The history of Groundhog Day

Why Americans count on a rodent to predict weather

Photo provided by www.yahoo.com

Megan Raynor, Staff Writer

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Each year on February 2nd in Punxsutawney, Pennsylvania, an unconventional tradition has been practiced since 1887. According to tradition, if “Phil” the groundhog comes out of his burrow and sees his shadow, then the groundhog returns to his burrow, which translates to six more weeks of winter; if he does not see his shadow then it marks the beginning of the spring season. While Groundhog Day is acknowledged throughout the United States, its true history is commonly unknown, as the American tradition’s origins are actually European.

Groundhogs are rodents that are also known as woodchucks. The critters begin to hibernate late in autumn, and then the male groundhogs surface in February to begin to search for a mate. The beliefs associated with the correlation of groundhogs and weather seems to stem from European traditions. According to www.groundhog.org/ , “The groundhog tradition stems from similar beliefs associated with Candlemas Day and the days of early Christians in Europe, and for centuries the custom was to have the clergy bless candles and distribute them to the people. Even then, it marked a milestone in the winter and the weather that day was important.” The early Christian tradition spread to Germans who expanded on this concept through the idea that a hedgehog’s reaction on this day would be able to predict the weather for the future six weeks. As time progressed, German people began to migrate to the Americas and commonly settled in Pennsylvania. Despite the new setting, the tradition was still continued. However, it was adjusted to be practiced with the groundhog, which were plentiful at the time in Pennsylvania.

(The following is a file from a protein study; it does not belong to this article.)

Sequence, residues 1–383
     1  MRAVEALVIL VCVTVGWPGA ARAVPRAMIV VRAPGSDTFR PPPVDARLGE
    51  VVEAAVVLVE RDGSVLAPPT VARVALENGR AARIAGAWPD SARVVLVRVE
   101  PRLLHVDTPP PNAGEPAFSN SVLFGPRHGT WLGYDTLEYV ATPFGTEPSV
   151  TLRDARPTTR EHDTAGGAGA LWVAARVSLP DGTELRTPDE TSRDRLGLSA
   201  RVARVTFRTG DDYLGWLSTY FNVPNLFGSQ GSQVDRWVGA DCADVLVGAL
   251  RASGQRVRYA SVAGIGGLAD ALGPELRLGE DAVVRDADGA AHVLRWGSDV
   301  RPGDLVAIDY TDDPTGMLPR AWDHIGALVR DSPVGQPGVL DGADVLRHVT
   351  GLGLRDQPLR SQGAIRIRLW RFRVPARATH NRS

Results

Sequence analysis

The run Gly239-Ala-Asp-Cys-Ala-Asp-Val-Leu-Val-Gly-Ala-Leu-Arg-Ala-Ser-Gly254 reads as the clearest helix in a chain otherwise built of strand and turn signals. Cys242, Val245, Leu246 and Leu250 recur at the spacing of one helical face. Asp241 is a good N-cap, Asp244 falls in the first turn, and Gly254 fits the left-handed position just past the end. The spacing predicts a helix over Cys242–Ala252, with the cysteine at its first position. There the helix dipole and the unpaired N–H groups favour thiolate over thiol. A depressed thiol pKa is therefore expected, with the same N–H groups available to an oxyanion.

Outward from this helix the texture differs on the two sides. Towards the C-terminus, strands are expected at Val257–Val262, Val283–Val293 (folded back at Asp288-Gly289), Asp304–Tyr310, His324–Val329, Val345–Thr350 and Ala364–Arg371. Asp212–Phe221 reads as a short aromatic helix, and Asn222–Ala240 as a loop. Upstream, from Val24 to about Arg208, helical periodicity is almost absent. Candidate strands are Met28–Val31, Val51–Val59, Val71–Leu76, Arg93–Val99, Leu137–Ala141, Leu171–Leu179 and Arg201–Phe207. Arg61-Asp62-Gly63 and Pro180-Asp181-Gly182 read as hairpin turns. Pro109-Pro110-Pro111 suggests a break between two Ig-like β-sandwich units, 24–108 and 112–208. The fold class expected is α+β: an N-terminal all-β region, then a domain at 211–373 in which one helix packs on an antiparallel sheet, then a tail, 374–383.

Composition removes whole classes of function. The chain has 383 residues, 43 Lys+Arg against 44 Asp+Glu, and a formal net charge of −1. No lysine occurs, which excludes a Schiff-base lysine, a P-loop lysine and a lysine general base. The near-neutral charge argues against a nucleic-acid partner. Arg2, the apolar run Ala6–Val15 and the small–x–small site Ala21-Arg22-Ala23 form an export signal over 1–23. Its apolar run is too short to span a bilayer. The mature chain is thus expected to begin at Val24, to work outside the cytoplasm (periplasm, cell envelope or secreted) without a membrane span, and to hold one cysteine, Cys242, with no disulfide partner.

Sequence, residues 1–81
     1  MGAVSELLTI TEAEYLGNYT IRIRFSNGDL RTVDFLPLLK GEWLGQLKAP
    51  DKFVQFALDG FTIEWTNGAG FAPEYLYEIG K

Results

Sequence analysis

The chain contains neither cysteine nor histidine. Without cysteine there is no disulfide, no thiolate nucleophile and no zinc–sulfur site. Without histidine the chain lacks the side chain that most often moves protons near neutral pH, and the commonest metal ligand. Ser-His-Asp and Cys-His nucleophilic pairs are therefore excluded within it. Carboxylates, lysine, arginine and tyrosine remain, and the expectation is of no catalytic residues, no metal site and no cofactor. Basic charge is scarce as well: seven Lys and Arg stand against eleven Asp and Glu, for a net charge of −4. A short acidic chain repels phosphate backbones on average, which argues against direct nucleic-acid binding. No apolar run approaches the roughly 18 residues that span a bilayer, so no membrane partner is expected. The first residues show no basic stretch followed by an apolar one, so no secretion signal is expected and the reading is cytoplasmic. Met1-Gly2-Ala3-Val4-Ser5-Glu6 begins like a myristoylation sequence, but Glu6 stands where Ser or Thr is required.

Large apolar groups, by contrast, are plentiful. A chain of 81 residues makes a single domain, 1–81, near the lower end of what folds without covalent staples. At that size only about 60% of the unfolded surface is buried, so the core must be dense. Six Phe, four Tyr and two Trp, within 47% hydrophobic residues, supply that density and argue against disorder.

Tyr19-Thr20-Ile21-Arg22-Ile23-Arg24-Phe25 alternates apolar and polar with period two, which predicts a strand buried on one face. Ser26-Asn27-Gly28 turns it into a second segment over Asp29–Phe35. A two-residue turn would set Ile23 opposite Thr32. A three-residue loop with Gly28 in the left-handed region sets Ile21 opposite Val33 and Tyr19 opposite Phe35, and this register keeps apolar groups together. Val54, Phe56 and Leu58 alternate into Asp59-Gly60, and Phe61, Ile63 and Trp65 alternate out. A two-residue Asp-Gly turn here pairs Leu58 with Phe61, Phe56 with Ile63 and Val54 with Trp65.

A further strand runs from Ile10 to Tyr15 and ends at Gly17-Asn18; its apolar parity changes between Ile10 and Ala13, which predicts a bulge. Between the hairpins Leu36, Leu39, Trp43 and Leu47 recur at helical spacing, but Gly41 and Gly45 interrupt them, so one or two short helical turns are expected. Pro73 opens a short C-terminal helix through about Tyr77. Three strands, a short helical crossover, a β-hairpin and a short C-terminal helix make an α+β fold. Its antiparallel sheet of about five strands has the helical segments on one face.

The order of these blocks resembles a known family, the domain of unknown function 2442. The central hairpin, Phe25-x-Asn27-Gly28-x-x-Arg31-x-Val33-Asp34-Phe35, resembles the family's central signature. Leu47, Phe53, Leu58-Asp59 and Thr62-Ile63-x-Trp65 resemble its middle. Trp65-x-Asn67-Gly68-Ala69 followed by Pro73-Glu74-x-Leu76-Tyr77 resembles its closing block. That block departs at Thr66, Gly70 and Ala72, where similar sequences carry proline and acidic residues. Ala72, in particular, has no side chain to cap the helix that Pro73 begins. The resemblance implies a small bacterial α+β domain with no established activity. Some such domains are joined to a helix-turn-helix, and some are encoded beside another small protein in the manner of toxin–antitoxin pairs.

One hundred-thirty years later the tradition still ensues annually in Punxsutawney, Pennsylvania featuring a groundhog directly related to the original rodent. According to http://www.history.com/, “In 1887, a newspaper editor belonging to a group of groundhog hunters from Punxsutawney called the Punxsutawney Groundhog Club declared that Phil, the Punxsutawney groundhog, was America’s only true weather-forecasting groundhog. The line of groundhogs that have since been known as Phil might be America’s most famous groundhogs, but other towns across North America now have their own weather-predicting rodents, from Birmingham Bill to Staten Island Chuck to Shubenacadie Sam in Canada.” Ultimately, Groundhog Day is a fun, lighthearted tradition that continues to be celebrated by Americans. However, we must be aware of the serious history behind the tradition as we allow a rodent to act as a meteorologist despite his 37% accuracy track record.

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